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Archive for May, 2008

The ultimate in closed-cycle resource use: The Biodigestor. You put cow manure in one end and get out usable cooking gas and organic fertilizer. The odorless gas is piped into the kitchen where it can be burned for 4-5hrs a day, replacing the need to collect firewood. The liquid fertilizer is rich in nutrients to boost crop production. And, the patio is no longer littered with cow manure. Biodigestors are relatively simple to construct and made with cheap local materials. It’s basically a huge plastic bag laying on top of straw, insulated between adobe walls and covered with a roof.

Last week a team of adventuresome students from the University of Portland came to Peru to visit the community Micro-hydro and Wind projects, and then get their hands dirty building a biodigestor with a local family…

Thanks UP for making it happen!

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A Journey to Q’ero

After a Q’ero friend died giving birth, Juano and Barbara convened a meeting at Juano’s house in Cuzco. The injustice of the death inspired Juano and Barbara to want to help build clinics, but the Q’ero said no, we have our own medicine; we need to improve the education of our children first. The vision of improved schools, with light and electricity, led Barbara to seek out Green Empowerment in Portland. We put her in touch with our local partner in Peru, Soluciones Practicas-ITDG who sent an engineer out to the remote Q’ero area. On a 10 day rain-soaked horse-back journey, he measured the abundant mountain streams which are perfect for micro-hydro power, the most efficient way to bring electricity to schools and the entire communities.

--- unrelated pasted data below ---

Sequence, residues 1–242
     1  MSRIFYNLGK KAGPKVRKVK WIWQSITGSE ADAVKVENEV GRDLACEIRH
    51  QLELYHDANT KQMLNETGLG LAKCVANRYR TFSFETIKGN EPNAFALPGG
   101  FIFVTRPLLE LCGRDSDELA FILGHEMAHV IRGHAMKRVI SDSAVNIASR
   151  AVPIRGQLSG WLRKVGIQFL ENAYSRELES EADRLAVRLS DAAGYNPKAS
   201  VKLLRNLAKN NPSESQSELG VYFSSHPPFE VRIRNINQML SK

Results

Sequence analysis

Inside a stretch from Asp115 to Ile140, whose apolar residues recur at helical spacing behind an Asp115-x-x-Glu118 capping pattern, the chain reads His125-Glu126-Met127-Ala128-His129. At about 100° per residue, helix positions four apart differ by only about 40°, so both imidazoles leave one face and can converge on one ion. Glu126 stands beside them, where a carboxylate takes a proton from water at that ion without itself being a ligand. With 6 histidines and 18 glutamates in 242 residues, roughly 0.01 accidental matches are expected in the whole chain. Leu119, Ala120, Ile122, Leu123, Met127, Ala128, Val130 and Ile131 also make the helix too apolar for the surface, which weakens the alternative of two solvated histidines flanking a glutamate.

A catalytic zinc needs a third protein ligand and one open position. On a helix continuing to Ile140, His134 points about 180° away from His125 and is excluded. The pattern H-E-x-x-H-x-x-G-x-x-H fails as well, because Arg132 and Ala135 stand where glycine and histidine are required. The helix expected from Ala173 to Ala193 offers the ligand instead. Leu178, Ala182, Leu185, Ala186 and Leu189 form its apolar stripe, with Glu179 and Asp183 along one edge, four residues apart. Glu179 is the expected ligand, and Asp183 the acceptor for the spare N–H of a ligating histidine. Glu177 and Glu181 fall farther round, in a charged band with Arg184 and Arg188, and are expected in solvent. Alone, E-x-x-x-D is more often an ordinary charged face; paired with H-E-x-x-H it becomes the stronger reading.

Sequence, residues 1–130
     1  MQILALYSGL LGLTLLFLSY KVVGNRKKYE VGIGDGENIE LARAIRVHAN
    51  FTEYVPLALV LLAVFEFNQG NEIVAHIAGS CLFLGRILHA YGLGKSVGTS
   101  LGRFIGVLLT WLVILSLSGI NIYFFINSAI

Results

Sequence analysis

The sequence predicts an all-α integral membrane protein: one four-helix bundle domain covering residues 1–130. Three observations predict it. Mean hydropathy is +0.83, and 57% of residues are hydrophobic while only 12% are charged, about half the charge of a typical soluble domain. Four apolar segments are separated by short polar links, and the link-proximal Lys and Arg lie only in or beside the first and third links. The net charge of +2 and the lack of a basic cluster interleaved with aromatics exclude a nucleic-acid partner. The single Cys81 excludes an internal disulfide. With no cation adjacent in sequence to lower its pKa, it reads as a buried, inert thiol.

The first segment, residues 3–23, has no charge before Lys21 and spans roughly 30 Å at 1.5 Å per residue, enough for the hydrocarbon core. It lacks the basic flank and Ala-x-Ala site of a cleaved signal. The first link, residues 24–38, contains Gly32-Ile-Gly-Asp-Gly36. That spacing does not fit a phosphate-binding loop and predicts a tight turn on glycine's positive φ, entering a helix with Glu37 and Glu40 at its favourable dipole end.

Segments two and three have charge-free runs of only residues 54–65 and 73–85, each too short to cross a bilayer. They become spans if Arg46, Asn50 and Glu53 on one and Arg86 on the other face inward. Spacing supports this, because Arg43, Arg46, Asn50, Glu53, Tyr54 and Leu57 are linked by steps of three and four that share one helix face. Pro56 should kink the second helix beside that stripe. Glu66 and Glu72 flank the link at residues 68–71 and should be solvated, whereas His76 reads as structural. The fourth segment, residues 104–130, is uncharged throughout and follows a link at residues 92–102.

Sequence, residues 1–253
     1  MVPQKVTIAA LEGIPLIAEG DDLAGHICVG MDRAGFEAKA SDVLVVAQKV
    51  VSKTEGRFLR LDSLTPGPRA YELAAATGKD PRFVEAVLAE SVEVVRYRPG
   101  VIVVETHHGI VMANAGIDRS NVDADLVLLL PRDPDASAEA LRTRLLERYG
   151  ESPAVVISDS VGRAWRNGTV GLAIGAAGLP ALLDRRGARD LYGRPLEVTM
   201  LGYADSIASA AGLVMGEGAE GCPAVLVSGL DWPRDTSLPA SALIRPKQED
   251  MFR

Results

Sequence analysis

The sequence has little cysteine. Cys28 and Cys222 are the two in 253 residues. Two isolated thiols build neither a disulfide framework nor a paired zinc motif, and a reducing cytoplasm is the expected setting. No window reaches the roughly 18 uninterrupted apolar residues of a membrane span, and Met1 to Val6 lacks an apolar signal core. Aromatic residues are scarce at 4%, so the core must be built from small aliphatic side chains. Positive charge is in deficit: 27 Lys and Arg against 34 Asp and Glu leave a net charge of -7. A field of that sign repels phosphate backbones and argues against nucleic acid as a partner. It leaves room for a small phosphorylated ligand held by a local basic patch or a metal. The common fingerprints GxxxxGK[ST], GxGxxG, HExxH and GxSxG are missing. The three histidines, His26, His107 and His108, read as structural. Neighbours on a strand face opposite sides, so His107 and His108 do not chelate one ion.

Juano, from Cuzco, and Barbara from Germany via USA, have co-lead trips for people around the world to learn about the cultural richness and mystic traditions of the Incan and their living descendents, the Q’ero in the highlands of the Andes. Now, they have pulled together a network of NGOs and government agencies to help make the Q’ero´s wish for improved education and modern energy into a reality. Last week we journeyed up to the mountain passes to attend the big meeting of the Q’ero nation.